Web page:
Damn, what a rush this book was. I went into this novel hearing all the hype about how great it is and the great debate around the book’s central theme and it didn’t disappoint. Fahrenheit 451 to me wasn’t merely about censorship or the soul sucking effects of the “idiot box.” To me, Fahrenheit 451 is also a story about willful ignorance. A future world where everyone is content to waste their lives away in front of a television screen, to never think, to never be challenged, and to never give a second thought to their fellow man. It isn’t just books that the citizens of the future are no longer interested in – folks don’t seem to be all that interested in anything. The character I found most interesting was Mildred – she and the other wives are like little clucking hens that sit around the house all day. They are shining examples of what the world had become: apathetic and self absorbed. They lived within their own echo chambers and willingly ignored the terrible things going on around them.
“A book is a loaded gun in the house next door…Who knows who might be the target of the well-read man?”
Although the central message of this book has done well to stand the test of time even to the present day, I will note that several elements of the story felt like they are becoming quite dated. The obvious absence of the internet, the fears of nuclear war, and of course the wives that never work being the social norm. It’s clear that the book was written during the Cold War era, so it might make things seem a little bit odd for younger audiences.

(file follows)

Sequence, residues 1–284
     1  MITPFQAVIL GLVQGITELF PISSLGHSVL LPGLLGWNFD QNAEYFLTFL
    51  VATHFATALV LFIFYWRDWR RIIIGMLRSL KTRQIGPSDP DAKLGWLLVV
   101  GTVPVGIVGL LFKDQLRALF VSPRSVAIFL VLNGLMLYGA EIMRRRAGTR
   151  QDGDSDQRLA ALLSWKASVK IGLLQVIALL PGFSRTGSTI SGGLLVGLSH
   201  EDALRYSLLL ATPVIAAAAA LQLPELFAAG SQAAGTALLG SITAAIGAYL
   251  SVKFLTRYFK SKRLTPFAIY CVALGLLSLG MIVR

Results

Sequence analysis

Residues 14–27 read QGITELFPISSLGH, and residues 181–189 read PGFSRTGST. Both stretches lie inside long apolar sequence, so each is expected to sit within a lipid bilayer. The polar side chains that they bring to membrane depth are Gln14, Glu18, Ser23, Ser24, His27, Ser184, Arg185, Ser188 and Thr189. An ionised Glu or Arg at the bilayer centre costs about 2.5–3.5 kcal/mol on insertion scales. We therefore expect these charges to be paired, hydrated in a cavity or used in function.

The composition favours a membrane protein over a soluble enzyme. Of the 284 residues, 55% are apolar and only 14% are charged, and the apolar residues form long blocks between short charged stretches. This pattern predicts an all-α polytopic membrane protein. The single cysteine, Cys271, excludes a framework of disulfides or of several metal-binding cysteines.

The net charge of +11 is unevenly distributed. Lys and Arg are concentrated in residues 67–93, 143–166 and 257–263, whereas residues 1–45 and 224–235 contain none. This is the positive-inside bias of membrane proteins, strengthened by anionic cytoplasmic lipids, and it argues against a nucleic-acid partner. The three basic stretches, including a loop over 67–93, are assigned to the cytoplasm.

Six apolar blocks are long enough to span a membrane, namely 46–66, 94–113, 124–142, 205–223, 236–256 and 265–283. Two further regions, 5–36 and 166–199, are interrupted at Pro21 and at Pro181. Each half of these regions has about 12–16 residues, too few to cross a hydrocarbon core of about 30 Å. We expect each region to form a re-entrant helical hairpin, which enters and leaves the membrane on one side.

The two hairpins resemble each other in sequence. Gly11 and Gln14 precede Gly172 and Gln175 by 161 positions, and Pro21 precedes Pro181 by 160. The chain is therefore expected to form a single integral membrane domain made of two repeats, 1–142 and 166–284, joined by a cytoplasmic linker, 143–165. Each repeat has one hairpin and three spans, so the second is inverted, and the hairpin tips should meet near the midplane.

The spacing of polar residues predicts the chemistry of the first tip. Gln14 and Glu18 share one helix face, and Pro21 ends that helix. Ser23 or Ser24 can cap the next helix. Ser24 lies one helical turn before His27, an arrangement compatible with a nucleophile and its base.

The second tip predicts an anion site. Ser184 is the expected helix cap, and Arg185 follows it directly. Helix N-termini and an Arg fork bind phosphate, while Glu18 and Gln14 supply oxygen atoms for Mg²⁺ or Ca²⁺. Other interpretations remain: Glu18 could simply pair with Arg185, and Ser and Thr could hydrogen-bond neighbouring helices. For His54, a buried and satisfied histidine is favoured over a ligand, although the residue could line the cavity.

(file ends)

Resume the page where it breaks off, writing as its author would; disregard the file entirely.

I had some difficulty with the narration, primarily Guy Montag’s thoughts which to me seemed nonsensical or incoherent at times, but I figured that was intentional given the setting. The plot flew by so quickly and by the end I felt like I had whiplash. The story has a pretty even flow and then… BOOM. The story suddenly speeds up and dives into an action packed ending. Despite my issues, the book still hits hard and gave me a lot to think about. I thoroughly enjoyed this book and had a difficult time putting it down.
Guy Montag is a fireman. In his world, where television rules and literature is on the brink of extinction, firemen start fires rather than put them out. His job is to destroy the most illegal of commodities, the printed book, along with the houses in which they are hidden.
Montag never questions the destruction and ruin his actions produce, returning each day to his bland life and wife, Mildred, who spends all day with her television “family.” But then he meets an eccentric young neighbor, Clarisse, who introduces him to a past where people didn’t live in fear and to a present where one sees the world through the ideas in books instead of the mindless chatter of television.
When Mildred attempts suicide and Clarisse suddenly disappears, Montag begins to question everything he has ever known. He starts hiding books in his home, and when his pilfering is discovered, the fireman has to run for his life.